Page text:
Hundreds of Egyptian students have demonstrated in Cairo against constitutional reforms proposed by Egypt's President Hosni Mubarak.

The protesters at Cairo University Wednesday walked in a mock funeral procession, carrying a coffin and a banner that said the reforms "mean the death of Egypt."

The protesters are supporters of Egypt's banned but tolerated Muslim Brotherhood which Wednesday urged its supporters to boycott a referendum on the proposed constitutional changes.  

Brotherhood officials said that likely vote- igging will make next week's referendum pointless.

The Brotherhood is the country's largest opposition bloc.  The group won a fifth of the seats in Egypt's parliament by running candidates as independents.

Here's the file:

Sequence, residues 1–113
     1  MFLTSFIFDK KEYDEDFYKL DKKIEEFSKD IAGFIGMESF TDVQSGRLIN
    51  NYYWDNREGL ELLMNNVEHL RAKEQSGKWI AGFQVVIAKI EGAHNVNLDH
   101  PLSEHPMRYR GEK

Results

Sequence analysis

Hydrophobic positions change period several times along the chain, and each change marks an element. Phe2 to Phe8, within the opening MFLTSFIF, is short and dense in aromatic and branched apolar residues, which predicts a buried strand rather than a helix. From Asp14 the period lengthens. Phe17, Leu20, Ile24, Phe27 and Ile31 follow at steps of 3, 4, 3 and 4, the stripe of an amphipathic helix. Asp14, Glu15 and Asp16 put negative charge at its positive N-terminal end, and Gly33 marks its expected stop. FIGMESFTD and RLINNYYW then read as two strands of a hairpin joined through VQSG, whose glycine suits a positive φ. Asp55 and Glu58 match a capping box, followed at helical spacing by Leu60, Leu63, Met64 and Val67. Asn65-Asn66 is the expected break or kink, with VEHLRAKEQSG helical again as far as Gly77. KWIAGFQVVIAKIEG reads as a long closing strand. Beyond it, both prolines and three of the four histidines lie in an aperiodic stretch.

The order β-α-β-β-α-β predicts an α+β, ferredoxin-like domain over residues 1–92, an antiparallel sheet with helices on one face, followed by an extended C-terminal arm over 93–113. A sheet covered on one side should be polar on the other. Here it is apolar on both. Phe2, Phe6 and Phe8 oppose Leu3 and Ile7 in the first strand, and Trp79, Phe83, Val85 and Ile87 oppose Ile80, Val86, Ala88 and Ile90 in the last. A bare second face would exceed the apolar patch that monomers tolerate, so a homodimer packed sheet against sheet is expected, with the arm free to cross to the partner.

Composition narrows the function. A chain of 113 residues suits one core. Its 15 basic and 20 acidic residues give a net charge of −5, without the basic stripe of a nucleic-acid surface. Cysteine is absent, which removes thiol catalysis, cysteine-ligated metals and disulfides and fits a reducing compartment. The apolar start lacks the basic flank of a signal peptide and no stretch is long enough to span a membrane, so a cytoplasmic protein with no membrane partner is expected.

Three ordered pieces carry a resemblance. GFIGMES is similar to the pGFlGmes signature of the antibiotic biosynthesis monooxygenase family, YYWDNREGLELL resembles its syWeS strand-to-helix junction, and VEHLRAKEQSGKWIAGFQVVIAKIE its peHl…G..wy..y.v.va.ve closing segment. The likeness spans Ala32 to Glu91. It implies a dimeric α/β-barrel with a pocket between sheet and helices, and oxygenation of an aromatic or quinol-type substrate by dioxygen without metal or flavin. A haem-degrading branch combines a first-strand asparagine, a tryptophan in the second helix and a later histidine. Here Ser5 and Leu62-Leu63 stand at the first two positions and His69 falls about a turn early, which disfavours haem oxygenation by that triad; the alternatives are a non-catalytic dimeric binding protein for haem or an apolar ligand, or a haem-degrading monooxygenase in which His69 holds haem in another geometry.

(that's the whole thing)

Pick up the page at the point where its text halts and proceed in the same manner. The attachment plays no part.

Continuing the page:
President Mubarak's proposed reforms include sweeping security powers and a reduced role for judges in monitoring elections. The reforms would ban religious groups, like the Brotherhood, from forming political parties.

Opposition leaders say the changes will strengthen the ruling party's grip on power. 

The rights group Amnesty International says the reforms are the most serious attack on human rights safeguards since Egypt enacted emergency laws more than 25 years ago.

The emergency laws were passed after the assassination of President Anwar Sadat. They are still in effect.

Egypt's parliament approved the constitutional amendments on Monday, paving the way for the referendum.

Some information for this report was provided by AFP, AP and Reuters.